According to a 2019 study from Mind Share Partners, 86 percent of respondents said it was important that a company’s culture supports mental health. And these statistics were from before the COVID-19 pandemic.

It is more important than ever that employers promote a mental health-friendly workplace – for their employees who are:

  • Self-isolating
  • Experiencing domestic violence
  • Need resources for general mental health maintenance, and
  • Will eventually be returning to work after a traumatic global event.

Mental Health Challenges During and Following Traumatic Events Like COVID-19

After previous outbreaks like SARS and Ebola, many experienced post-traumatic stress disorder (PTSD) – particularly first responders and medical professionals, in addition to the patients and individuals in high-incident areas. Though not a pandemic, Hurricane Katrina offers a domestic case study. One Princeton study found that low-income parents’ mental illness severity doubled, while many of them experienced PTSD. Some of the symptoms of PTSD include flashbacks, nightmares, severe anxiety and uncontrollable thoughts about the event.

Given these precedents, we must acknowledge that mental health awareness is a critical element of COVID-19 recovery. Employers are in a unique position to assist individuals who are and will experience symptoms of mental health conditions.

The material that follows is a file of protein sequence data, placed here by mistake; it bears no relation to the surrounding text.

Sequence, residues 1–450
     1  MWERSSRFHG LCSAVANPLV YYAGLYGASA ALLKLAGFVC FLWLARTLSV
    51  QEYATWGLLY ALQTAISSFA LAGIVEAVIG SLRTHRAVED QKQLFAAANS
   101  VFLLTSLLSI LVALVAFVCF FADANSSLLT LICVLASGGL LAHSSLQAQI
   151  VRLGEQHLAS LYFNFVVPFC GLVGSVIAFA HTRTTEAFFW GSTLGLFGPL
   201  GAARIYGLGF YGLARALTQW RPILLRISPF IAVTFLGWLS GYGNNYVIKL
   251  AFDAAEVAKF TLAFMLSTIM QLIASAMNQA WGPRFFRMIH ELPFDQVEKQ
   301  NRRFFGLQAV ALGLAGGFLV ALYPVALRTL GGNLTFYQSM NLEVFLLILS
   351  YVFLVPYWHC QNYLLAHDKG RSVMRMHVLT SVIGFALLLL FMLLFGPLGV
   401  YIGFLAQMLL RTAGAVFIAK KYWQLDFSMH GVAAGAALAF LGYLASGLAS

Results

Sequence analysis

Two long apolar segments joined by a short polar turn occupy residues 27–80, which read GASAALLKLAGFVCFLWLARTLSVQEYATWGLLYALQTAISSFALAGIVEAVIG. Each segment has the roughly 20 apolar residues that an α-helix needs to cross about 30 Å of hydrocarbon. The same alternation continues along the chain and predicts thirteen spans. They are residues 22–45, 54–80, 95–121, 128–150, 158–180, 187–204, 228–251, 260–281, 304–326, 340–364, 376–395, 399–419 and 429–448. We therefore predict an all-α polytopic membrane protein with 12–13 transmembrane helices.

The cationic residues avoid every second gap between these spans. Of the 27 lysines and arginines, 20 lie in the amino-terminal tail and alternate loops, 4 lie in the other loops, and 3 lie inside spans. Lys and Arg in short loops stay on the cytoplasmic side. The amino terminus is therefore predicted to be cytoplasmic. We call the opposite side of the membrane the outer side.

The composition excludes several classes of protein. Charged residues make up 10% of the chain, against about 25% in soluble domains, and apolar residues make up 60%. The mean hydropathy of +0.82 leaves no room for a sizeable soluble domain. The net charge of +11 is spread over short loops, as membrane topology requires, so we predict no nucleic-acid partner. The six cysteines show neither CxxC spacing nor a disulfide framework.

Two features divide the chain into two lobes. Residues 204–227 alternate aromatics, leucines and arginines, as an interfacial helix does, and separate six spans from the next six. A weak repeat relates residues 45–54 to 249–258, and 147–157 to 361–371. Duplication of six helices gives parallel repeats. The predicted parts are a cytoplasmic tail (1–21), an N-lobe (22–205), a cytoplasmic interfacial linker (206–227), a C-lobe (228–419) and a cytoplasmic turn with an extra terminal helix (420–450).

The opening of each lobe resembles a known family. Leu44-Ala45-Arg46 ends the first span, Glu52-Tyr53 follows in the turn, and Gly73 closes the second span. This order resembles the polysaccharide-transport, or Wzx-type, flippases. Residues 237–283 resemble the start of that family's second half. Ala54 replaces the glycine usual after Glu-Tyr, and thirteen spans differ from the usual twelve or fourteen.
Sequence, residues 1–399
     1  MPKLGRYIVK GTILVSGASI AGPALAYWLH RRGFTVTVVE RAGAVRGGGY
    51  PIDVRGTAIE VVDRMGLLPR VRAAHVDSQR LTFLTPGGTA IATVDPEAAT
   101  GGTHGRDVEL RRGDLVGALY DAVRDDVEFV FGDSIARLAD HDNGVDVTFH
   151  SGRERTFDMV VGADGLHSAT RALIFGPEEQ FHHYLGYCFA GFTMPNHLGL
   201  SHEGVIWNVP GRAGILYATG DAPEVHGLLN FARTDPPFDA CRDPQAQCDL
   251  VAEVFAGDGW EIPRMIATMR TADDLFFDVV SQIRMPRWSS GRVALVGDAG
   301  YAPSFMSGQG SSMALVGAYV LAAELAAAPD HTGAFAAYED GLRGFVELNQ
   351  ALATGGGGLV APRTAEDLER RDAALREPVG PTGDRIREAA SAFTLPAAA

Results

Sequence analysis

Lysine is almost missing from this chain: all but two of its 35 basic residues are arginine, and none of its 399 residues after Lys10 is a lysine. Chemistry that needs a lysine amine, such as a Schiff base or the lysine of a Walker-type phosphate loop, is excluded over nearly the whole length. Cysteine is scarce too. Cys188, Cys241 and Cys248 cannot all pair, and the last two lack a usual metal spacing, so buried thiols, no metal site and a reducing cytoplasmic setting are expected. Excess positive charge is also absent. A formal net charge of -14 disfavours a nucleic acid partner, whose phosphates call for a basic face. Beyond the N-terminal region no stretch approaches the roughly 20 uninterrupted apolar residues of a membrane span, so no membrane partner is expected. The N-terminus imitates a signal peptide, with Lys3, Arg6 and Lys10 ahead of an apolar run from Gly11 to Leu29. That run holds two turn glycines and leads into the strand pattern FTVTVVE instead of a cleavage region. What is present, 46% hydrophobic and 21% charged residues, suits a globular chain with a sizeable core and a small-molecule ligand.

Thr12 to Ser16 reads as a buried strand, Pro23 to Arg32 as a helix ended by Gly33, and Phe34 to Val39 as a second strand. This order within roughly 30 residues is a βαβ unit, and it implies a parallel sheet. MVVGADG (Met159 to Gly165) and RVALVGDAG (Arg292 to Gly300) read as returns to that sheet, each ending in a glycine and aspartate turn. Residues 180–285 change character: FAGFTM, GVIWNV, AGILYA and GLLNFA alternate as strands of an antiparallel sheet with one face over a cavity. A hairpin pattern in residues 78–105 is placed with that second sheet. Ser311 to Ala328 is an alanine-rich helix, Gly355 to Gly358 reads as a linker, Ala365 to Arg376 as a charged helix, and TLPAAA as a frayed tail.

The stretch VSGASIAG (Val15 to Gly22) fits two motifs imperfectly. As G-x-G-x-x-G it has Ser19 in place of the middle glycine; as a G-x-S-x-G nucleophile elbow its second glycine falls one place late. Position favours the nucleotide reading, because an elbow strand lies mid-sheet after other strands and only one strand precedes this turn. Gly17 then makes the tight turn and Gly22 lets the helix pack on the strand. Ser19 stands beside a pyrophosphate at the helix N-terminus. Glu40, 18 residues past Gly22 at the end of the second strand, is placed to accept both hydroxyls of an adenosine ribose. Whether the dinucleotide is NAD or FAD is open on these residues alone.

PTSD Diagnostic criteria

These are some of the symptoms that indicate a person may be suffering from PTSD. Illustration by JR Bee at Verywell.

Guidelines for Mental Health Awareness

#1: Conduct mental health awareness training that decreases stigma and teaches employees how to respond to and assist an individual who may be experiencing severe mental health issues, including thoughts of suicide.

Some of the best defenses against an individual hurting themselves or others is providing support to those who are experiencing suicidal thoughts and educating coworkers to identify warning signs. In our mental health awareness training, we dive into different types of mental illness as well as their associated symptoms, so that employers and employees can assist anyone who appears to be experiencing these symptoms.

We specifically emphasize suicide prevention. Suicide remains the 10th leading cause of death in the U.S. (excluding COVID-19 fatalities) and approximately 150 occur every day. According to the Bureau of Labor of Statistics, the number of people who are committing suicide at work rose 11 percent between 2017 and 2018. But employers and coworkers can help those who may be contemplating suicide if they know how to recognize the signs, sympathetically and appropriately approach the subject with the person, and if necessary, report the situation to others.

#2: Leverage your employee assistance programs (EAPs) and teletherapy to ensure employees receive care.